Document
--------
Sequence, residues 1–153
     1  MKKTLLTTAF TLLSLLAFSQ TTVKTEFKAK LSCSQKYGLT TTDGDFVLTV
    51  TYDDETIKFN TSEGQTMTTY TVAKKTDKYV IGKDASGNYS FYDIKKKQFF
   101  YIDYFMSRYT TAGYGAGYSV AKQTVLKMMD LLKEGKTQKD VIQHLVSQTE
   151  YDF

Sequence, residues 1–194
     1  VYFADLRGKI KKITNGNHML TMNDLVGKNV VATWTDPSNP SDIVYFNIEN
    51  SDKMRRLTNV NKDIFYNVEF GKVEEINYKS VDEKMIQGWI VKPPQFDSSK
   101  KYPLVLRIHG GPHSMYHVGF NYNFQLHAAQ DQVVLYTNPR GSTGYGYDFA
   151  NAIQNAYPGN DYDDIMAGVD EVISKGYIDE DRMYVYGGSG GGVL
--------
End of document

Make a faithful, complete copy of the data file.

Sequence, residues 1–153
     1  MKKTLLTTAF TLLSLLAFSQ TTVKTEFKAK LSCSQKYGLT TTDGDFVLTV
    51  TYDDETIKFN TSEGQTMTTY TVAKKTDKYV IGKDASGNYS FYDIKKKQFF
   101  YIDYFMSRYT TAGYGAGYSV AKQTVLKMMD LLKEGKTQKD VIQHLVSQTE
   151  YDF

Sequence, residues 1–194
     1  VYFADLRGKI KKITNGNHML TMNDLVGKNV VATWTDPSNP SDIVYFNIEN
    51  SDKMRRLTNV NKDIFYNVEF GKVEEINYKS VDEKMIQGWI VKPPQFDSSK
   101  KYPLVLRIHG GPHSMYHVGF NYNFQLHAAQ DQVVLYTNPR GSTGYGYDFA
   151  NAIQNAYPGN DYDDIMAGVD EVISKGYIDE DRMYVYGGSG GGVL